Millions of cyclists will now be able to provide feedback on whether cycle routes are adequate for social distancing – thanks to an app built on AWS.

Cycling technology and data insight company See.Sense produces innovative AI-enabled bike lights that give cyclists more visibility on their ride, while also providing cities with more information about their roads. It has already piloted partnerships with local authorities across Europe to provide insights that are helping to determine the layout and design of future cycling infrastructure.

Ride Stats shown on See.Sense app

See.Sense is now lending its technology to support the response to the COVID-19 crisis. It has developed a new app feature called ‘Infrastructure Request’ which will allow all cyclists, no matter where they are, to provide anonymised insights on the suitability of cycling infrastructure for social-distancing measures.

City planners and local authorities will be able to access free reports for their location, simply by registering online.

Safe cycling in the era of social distancing

Co-founders Irene and Phil McAleese are calling on millions of UK cyclists to download the free app and use the feature to report on their experience of cycling in their town or city.

To help local authorities integrate social distancing into their plans, users will be able to report on six key factors:

Ride survey within an app on a mobile phone

  • Space: where to add more width to improve cycle flow and ensure safe distance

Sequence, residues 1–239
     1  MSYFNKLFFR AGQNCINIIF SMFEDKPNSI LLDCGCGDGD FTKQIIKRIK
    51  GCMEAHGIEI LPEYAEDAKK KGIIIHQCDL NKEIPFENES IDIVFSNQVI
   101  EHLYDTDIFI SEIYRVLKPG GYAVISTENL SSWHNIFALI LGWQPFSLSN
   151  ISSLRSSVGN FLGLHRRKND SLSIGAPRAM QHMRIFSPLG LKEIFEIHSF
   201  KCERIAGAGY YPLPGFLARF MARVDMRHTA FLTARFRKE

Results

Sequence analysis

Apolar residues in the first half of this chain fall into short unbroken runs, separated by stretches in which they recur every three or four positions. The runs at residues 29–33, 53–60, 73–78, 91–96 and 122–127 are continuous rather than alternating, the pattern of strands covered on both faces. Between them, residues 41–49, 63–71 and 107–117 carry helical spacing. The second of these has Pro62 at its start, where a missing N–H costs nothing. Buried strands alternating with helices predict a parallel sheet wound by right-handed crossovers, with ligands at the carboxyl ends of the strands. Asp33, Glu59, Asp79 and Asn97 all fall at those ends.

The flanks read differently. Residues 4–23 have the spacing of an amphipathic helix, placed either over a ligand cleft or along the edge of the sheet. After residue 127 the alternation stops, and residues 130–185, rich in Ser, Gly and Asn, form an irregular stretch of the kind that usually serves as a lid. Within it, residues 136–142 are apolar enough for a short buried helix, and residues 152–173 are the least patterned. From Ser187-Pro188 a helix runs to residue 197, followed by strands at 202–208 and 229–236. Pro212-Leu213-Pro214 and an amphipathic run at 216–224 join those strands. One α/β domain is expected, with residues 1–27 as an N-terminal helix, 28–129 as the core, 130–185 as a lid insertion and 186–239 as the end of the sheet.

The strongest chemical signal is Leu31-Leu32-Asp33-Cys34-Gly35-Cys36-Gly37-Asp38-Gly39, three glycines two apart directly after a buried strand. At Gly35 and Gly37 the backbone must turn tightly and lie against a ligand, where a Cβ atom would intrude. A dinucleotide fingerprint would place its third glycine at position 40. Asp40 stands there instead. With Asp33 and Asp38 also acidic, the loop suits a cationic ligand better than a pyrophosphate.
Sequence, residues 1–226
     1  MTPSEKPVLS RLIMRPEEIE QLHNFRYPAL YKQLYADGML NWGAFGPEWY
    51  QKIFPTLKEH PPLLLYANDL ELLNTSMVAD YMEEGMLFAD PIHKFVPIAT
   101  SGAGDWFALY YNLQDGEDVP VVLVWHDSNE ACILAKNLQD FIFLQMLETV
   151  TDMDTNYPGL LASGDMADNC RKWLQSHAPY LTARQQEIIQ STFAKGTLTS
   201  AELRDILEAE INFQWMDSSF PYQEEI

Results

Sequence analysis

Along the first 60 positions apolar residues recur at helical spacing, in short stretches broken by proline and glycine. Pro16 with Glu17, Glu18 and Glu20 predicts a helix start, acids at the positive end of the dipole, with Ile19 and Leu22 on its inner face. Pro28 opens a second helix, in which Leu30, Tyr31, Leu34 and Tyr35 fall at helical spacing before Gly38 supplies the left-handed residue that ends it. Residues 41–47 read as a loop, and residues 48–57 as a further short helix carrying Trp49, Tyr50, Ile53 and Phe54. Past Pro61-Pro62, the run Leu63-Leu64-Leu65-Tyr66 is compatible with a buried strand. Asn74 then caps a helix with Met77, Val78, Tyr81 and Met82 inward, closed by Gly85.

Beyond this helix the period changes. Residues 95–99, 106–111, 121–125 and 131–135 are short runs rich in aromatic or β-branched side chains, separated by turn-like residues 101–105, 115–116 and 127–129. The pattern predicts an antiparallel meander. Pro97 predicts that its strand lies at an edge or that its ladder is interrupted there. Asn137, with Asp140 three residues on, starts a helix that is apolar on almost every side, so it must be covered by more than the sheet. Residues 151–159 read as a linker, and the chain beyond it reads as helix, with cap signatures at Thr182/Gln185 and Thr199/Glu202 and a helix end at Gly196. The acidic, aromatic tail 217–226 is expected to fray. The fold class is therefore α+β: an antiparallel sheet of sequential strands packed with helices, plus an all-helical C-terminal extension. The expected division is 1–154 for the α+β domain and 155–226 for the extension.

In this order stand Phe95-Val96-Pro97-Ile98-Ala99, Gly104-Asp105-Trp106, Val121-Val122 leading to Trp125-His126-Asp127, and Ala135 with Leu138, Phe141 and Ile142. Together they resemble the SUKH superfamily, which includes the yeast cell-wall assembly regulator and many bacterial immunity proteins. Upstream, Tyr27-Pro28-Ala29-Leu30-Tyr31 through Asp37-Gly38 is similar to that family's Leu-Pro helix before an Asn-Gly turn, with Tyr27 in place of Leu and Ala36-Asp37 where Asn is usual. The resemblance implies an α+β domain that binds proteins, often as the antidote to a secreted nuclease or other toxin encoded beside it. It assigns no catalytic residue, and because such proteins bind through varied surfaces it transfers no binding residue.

• Separation: where to add infrastructure to separate cycle and motor traffic
  • Parking: where to add cycle parking
  • Timing: where to improve traffic signal timing to reduce delays and prevent queuing
  • Calming: where to add measures to reduce motor traffic speed
  • Closures: where roads should close to through traffic to stop rat-running

After their ride, users can go into the See.Sense app and choose one of the categories to report on.

Users can then drop a pin in the location where, for example, they noticed a need for more separation. There is also a free-form text box to add more detailed commentary. All data and feedback collected by cyclists will be visualised on the See.Sense website for anyone to explore, and for local authorities to use in their infrastructure planning process.

The new feature was developed in collaboration with leading transport academic Professor John Parkin, to ensure users collect the most valuable forms of data for city planners.

Plans for greener, cleaner cities

Cycling was already hugely popular in the UK, and the COVID-19 crisis has accelerated that trend as more of us hit the road to keep active or to get around during the lockdown. Cycle-to-work schemes saw a 200% increase in popularity among people working for emergency services, and many bicycle retailers have reported a jump in sales.

User-generated information could prove to be invaluable as major cities around Europe prepare to adapt their existing infrastructure to be greener and more bike-friendly in response to the crisis.

Cyclist stood with his back to camera holding a bike

In Milan, for example, the city has already announced ambitious plans to reduce traffic and pollution by converting more than 35km of streets into pedestrianised space.